• Clinical Gout Diagnosis: The diagnostic components of this algorithm include clinical characteristics (>1 attack of acute arthritis, maximum inflammation developed within 1 day, monoarthritis/oligoarthritis attack, redness observed over joints, painful or swollen first metatarsophalangeal joint, unilateral tarsal joint attack, tophi) and risk factors (hyperuricemia). Additional information is available in the article by Vazquez-Mellado and colleagues (Clin Rheumatol. 2012 Mar;31[3]:429-34. PMID: 21979446).
  • Diagnostic imaging studies that were evaluated in this review included DECT and ultrasound.
Table 1: Accuracy of Diagnostic Methods for Gout With MSU Analysis as the Reference Standard: Key Findings
Diagnostic Method N Studies N Subjects Finding SOE
MSU = monosodium urate; N = number; SOE = strength of evidence
Clinical algorithm: The Diagnostic Rule 3 1383 Sensitivity: 88%; Specificity: 75% [evidence medium]
Clinical algorithm: Clinical Gout Diagnosis 3 1383 Sensitivity: 97%; Specificity: 96% [evidence medium]
Dual-energy computed tomography 4 235 Sensitivity: 85% to 100%; Specificity: 83% to 92% [evidence low]
Ultrasound 8 633 Sensitivity: 74%; Specificity: 88% [evidence low]
Table 2: Effectiveness of Treatments for Acute Gout Attack: Key Findings
Strategy N Studies N Subjects Finding SOE
ACTH = adrenocorticotropic hormone; N = number; NSAIDs = nonsteroidal anti-inflammatory drugs; RCT = randomized controlled trial; SOE = strength of evidence
The known anti-inflammatory action of these agents was considered when assessing SOE.
Colchicine 2 RCTs 229 Reduces pain when compared with placebo [evidence high]
1 RCT 184 A lower dose of colchicine is as effective as a higher dose but with fewer side effects [evidence medium]
NSAIDs 1 RCT and observational data 30 (in RCT) Reduce pain [evidence high]
16 RCTs 1280 No differences among NSAIDs in effectiveness [evidence medium]
Corticosteroids 4 RCTs 297 Reduce pain as much as NSAIDs [evidence high]
Animal-derived ACTH (not commonly used in clinical practice) 2 RCTs 107 Reduces pain as much as NSAIDs [evidence medium]

Strength of Evidence Scale

High: [evidence high]
High confidence that the evidence reflects the true effect. Further research is very unlikely to change our confidence in the estimate of effect.

Moderate: [evidence medium]
Moderate confidence that the evidence reflects the true effect. Further research may change our confidence in the estimate of effect and may change the estimate.

Low: [evidence low]
Low confidence that the evidence reflects the true effect. Further research is likely to change our confidence in the estimate of effect and is likely to change the estimate.

Insufficient:[evidence insufficient]
Evidence is either unavailable or does not permit a conclusion.

The overall evidence grade was assessed based on the ratings for the following domains: study limitations, directness, consistency, precision, and reporting bias. Other domains that were considered, as appropriate, included dose-response association, plausible confounding, and strength of association (i.e., magnitude of effect). For additional details on the methodology used to assess strength of evidence, please refer to: Owens DK, Lohr KN, Atkins D, et al. AHRQ series paper 5: grading the strength of a body of evidence when comparing medical interventions—Agency for Healthcare Research and Quality and the Effective Health-Care Program. J Clin Epidemiol. 2010 May;63(5):513-23. PMID: 19595577.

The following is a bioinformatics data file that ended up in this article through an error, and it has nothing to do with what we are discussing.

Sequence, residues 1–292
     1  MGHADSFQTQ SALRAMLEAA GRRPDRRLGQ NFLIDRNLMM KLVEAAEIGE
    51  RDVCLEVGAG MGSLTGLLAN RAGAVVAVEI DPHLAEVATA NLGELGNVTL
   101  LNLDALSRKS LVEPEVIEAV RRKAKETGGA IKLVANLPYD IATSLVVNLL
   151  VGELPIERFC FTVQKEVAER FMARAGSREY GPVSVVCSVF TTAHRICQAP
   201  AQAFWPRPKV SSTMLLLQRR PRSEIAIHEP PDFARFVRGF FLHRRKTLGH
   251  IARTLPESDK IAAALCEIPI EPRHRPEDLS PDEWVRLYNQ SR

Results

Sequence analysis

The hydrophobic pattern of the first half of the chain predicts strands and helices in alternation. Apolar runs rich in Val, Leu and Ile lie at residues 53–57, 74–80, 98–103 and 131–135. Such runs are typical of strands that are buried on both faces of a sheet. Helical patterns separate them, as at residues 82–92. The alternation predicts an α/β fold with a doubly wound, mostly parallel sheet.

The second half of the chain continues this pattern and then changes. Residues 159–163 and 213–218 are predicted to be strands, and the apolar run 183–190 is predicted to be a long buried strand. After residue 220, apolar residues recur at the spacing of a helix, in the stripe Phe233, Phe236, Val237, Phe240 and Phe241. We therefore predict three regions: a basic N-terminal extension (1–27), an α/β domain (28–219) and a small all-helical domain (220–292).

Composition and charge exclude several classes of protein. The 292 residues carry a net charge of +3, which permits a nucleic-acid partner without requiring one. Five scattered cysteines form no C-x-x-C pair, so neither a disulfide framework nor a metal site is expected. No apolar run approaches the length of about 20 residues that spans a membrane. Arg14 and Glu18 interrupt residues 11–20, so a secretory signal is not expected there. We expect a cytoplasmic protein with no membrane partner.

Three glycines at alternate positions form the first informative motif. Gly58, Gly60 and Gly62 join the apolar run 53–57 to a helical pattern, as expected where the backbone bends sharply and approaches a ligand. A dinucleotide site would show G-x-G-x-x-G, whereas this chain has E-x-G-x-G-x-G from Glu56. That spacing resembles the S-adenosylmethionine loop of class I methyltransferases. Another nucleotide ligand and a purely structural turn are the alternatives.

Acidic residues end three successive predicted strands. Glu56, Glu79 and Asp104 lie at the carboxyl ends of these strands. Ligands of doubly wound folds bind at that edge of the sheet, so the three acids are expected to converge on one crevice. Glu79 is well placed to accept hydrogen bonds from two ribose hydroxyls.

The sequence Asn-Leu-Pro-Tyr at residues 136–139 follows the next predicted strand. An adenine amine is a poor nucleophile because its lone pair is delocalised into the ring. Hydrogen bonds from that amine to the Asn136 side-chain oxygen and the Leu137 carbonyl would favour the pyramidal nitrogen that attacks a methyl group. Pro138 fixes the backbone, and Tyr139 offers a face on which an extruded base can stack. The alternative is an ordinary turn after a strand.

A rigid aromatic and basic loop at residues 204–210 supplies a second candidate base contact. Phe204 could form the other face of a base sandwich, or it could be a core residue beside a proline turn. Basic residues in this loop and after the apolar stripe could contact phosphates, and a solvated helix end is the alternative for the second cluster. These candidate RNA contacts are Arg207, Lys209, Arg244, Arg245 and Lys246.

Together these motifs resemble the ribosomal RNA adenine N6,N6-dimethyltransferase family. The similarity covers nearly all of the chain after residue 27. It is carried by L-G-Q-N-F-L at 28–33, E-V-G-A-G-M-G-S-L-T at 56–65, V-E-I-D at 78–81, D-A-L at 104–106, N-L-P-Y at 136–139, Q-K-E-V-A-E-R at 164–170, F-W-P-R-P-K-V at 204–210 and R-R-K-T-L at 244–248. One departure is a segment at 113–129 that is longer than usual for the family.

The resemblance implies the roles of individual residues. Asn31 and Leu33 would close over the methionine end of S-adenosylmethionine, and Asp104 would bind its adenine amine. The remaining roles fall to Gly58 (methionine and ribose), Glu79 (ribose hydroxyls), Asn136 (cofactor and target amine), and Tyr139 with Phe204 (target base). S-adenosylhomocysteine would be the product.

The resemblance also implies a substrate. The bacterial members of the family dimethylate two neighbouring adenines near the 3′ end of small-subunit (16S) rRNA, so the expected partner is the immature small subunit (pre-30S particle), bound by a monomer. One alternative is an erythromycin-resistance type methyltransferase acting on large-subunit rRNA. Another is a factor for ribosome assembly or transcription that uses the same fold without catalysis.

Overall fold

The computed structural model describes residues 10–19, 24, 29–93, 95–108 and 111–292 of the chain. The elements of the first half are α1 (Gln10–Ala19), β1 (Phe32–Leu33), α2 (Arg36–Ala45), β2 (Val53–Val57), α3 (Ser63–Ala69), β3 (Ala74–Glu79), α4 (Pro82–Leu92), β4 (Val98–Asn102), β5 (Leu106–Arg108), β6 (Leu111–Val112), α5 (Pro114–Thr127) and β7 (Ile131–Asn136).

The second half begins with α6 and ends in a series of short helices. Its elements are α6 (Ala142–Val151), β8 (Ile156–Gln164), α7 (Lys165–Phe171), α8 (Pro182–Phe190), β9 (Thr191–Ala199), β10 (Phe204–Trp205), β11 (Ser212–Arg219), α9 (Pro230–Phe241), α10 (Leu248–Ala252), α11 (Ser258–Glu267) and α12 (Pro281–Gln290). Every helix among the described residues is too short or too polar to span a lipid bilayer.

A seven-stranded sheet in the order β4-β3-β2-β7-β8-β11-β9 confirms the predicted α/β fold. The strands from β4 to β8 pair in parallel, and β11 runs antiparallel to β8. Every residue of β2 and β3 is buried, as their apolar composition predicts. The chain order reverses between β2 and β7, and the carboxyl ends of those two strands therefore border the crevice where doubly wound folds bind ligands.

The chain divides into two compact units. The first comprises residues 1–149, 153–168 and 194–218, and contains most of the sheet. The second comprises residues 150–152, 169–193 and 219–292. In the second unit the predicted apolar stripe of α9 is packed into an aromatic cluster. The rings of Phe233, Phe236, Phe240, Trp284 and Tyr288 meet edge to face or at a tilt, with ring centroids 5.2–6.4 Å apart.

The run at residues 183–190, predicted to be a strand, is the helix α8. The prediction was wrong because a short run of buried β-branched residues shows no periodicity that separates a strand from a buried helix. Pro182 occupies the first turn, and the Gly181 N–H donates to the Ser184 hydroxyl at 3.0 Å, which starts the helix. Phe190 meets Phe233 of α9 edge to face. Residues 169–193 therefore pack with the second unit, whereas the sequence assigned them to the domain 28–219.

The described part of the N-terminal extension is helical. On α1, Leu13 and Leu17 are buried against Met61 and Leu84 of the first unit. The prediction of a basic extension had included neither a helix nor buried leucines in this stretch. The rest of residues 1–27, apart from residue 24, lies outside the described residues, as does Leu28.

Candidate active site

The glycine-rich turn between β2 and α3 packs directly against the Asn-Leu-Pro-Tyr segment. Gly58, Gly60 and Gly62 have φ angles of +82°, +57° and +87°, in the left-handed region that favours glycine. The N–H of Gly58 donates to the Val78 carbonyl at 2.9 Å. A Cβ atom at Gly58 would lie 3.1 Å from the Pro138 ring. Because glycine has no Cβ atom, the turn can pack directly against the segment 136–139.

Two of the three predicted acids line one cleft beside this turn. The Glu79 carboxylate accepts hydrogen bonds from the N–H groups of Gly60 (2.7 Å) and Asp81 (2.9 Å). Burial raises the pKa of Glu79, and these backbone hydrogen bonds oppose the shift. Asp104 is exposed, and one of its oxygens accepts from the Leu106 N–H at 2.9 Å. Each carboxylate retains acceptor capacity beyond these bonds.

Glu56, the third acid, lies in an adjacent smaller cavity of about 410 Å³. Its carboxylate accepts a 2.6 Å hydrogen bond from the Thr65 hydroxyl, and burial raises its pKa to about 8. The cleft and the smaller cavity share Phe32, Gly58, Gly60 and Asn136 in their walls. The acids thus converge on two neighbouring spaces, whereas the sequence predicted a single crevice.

Table 3: Effectiveness of Strategies for Managing Hyperuricemia in Patients With Gout: Key Findings
Strategy Type of Study N Studies N Subjects Finding SOE
N = number; NR = not reported; NSAIDs = nonsteroidal anti-inflammatory drugs; RCT = randomized controlled trial; SOE = strength of evidence; ULT = urate-lowering therapy
Management of hyperuricemia ULT vs. placebo 4 RCTs 1378 Reduces serum urate [evidence high]
2 RCTs 1129 Does not decrease the risk of acute gout attacks within the first 6 months [evidence high]
1 open-label extension study NR Reduces the risk of acute gout attacks after 1 year [evidence medium]
Febuxostat vs. allopurinol 1 RCT 2269 No difference in serum urate-lowering effect [evidence high]
1 systematic review NR No statistically significant differences in overall adverse events [evidence high]
Subgroup of 1 RCT 2269 Age and race do not affect the efficacy of either drug [evidence low]
Prophylactic therapy with colchicine or NSAIDs 3 RCTs 4103 Reduces the risk of acute gout attacks when initiating ULT [evidence high]
1 RCT 190 Longer durations of prophylaxis (>8 weeks) are more effective than a shorter duration when initiating ULT [evidence medium]
3 RCTs 4103 Longer durations of prophylaxis (>8 weeks) are more effective than a shorter duration when initiating ULT [evidence medium]
Monitoring treatment Treating to a specific target serum urate level 1 systematic review and 8 studies NR Reduces the risk of gout attacks [evidence low]
Table 4: Adverse Effects Associated With Pharmacological Agents Used To Manage Gout
Intervention Adverse Effects
NSAIDs = nonsteroidal anti-inflammatory drugs
Colchicine
  • Gastrointestinal symptoms, fatigue, and headache
  • Rare adverse effects include leukopenia, aplastic anemia, neuromuscular toxicity, and rhabdomyolysis
  • Overdose in adults and children can be fatal
NSAIDs